On the surface, Jessie Knight might have appeared an unlikely candidate to pioneer women tattooing in Britain, particularly at a time where tattooing was slandered as being only for ‘whores’ or sailors. The stories say that Jessie was a mere 4 foot tall, standing on delicate size two feet with her hair fashioned into a bun held together by two chopsticks, perhaps adding a little height to her demeanour. This description was how Jessie Knight was said to have looked on the night she shot her abusive husband; revenge for kicking her beloved dog down the stairs.
Born in 1904, Jessie was the daughter of a sailor, who is said to have tattooed during his time on the seas and around the ports in England. Creativity was entwined in Jessie’s heritage, being bred from a lineage of artists, poets and performers. Jessie’s mother was a long-term alcoholic and her father had a wanderlust for adventure. With this in mind, it’s hardly surprising that the Knight family, quite literally, ran away with the circus.
In the circus, Knight was enlisted as her father’s sharpshooter dummy. Jessie quickly outgrew this role (having allegedly been shot twice whilst performing) and moved on to become a circus stunt-woman — bareback horse riding and becoming nifty with pistols as a markswoman. The circus, coupled with her father’s mariner background, would have exposed Jessie to the world of tattooing. Many tattooed people performed as circus freaks in the 20th century, as tattooing at the time was tainted as a mark of criminality or deviance.
Not one to abide by social constructs and expectation, Jessie Knight, sure enough started tattooing for a living by the time she was 18. Jessie was mentored by Charlie Bell in Chatham, Kent, before moving to her own tattoo shops in Portsmouth and subsequently Aldershot. Eventually, Jessie returned to Barry to continue tattooing in her hometown until the 1980's.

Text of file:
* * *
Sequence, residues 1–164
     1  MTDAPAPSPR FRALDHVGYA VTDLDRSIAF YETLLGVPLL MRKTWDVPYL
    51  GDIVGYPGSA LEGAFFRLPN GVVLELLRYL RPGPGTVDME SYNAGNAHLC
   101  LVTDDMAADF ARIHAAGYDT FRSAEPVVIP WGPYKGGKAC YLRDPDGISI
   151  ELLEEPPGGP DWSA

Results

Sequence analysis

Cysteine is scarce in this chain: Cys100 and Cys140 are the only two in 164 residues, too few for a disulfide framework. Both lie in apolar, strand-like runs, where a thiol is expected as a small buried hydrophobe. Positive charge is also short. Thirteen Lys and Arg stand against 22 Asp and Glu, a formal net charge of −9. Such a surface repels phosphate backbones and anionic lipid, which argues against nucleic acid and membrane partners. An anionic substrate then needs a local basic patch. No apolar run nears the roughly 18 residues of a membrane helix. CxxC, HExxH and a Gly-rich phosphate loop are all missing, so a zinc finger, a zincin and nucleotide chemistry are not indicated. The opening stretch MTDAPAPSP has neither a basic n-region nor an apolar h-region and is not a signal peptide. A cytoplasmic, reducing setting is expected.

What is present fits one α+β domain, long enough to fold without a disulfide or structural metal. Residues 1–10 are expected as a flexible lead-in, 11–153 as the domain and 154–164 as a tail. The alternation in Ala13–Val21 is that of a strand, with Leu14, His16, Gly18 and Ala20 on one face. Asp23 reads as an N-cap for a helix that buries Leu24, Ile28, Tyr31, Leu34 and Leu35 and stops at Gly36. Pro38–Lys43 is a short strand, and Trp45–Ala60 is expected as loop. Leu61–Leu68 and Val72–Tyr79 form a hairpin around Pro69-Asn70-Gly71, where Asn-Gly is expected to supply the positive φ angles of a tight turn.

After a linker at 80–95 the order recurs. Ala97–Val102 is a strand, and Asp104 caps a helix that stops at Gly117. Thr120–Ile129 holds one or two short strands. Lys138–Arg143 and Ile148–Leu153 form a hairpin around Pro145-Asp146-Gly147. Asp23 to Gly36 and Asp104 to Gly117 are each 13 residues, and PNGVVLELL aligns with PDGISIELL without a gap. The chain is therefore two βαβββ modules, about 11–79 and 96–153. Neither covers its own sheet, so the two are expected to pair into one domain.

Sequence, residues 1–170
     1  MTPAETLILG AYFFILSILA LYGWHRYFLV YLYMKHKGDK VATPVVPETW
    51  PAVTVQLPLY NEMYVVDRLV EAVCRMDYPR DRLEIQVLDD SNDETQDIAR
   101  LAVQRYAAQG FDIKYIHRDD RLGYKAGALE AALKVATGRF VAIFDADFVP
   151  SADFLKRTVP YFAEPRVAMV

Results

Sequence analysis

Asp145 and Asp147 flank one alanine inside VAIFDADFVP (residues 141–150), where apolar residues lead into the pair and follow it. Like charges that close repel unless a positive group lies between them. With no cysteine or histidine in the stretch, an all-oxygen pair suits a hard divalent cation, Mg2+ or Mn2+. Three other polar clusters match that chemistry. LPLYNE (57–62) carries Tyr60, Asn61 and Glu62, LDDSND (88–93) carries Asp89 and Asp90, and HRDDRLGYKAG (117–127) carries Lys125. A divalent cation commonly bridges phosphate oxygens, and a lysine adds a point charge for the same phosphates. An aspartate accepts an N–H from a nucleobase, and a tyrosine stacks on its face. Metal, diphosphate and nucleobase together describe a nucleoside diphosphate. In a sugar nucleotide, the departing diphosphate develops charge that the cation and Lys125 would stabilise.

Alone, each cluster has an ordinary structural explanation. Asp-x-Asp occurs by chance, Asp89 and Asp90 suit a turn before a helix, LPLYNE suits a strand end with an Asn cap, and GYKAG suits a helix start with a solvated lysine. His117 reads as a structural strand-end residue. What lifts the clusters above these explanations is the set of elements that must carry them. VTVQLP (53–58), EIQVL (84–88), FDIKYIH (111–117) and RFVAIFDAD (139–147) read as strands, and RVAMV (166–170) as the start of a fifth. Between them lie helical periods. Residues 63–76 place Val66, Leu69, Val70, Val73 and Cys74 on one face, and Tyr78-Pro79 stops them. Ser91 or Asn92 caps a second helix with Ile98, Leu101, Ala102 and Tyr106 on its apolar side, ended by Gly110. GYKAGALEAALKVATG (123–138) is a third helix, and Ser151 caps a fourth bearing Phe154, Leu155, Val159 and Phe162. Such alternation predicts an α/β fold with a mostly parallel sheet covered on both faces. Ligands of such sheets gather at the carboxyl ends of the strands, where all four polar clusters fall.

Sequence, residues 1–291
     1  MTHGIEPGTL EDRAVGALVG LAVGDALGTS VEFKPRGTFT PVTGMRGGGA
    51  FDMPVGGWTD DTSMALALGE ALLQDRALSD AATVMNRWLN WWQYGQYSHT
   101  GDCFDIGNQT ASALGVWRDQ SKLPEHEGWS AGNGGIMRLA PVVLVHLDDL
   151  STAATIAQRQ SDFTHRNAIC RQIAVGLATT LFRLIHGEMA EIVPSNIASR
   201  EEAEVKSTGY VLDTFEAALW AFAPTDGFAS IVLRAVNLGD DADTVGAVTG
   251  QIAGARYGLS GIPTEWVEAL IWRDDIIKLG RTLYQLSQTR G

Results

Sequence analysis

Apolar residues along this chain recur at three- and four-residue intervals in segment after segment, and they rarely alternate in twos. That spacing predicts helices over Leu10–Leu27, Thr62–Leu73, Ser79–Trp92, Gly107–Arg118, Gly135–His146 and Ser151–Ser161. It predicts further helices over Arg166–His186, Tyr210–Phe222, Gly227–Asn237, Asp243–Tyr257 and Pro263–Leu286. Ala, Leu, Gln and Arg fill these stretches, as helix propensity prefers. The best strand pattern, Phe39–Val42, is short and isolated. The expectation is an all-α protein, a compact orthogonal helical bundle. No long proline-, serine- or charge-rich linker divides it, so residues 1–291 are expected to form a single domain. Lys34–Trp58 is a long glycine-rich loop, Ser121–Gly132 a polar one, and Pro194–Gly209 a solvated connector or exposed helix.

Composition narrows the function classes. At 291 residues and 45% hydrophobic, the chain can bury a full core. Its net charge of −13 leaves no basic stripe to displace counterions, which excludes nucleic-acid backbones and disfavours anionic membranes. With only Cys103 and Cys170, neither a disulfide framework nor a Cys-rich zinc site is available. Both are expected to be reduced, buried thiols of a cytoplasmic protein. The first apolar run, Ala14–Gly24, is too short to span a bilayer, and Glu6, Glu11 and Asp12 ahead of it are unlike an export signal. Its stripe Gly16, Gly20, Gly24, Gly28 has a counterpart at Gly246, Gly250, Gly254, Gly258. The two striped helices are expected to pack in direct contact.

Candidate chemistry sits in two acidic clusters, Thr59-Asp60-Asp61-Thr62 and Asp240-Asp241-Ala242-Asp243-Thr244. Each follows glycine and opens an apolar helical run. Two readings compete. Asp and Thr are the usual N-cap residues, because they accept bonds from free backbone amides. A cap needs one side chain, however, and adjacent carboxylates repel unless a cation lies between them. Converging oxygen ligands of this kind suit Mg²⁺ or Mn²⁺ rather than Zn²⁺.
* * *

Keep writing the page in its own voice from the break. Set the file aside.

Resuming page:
Speaking to The Guardian, Jessie’s nephew Neil Hopkins-Thomas said:
It was shocking to people. She was very forward-thinking and ahead of her time. She used to read saucy books to the kids in the family to wind the parents up. She came back to settle in Barry, Wales, when she was in her 60s and turned up with a 30-year-old toyboy on her arm. She was a character, full of stories and adventures.
It wasn’t all plain sailing for Jessie, though. Others in the tattoo industry branded Jessie a whore and spread rumours that her equipment wasn’t sterilised —hearsay that would be enough to put people off going to her. As more people started to find out about Jessie Knight and her work, her shops were burgled with work being tarnished and stolen. After countless break-ins, Jessie was forced to enlist a bodyguard who would accompany her to each bank visit.
Come 1955, Jessie was entering her tattoos in competitions. A depiction of a highland fling across a sailor’s back earned her second place in the Champion Artist of All England competition. Her nephew remains adamant that she only received second place because she was a woman. The first place was, of course, awarded to a man.
In a similar fashion to Pamela Nash, Jessie Knight spent her later years living a reserved life in Barry until her death in 1994.
She never used to shout about her career from the rooftops. I think people looked at her and thought: ‘there’s that strange woman,’ not knowing what she had done in her life. They were always absolutely gobsmacked when they found out.
Perhaps overshadowed by the likes of Maud Wagner and America’s well-documented, rich tattoo history, Jessie Knight and her turbulent story became somewhat lost and forgotten. Recently, though, Jessie has been picked back up in popular culture.
A portion of Jessie’s work has been resurrected in the exhibition ‘Tattoo: British Tattoo Art Revealed’ at The National Maritime Museum, Cornwall. The exhibition is on until January 7th, 2018.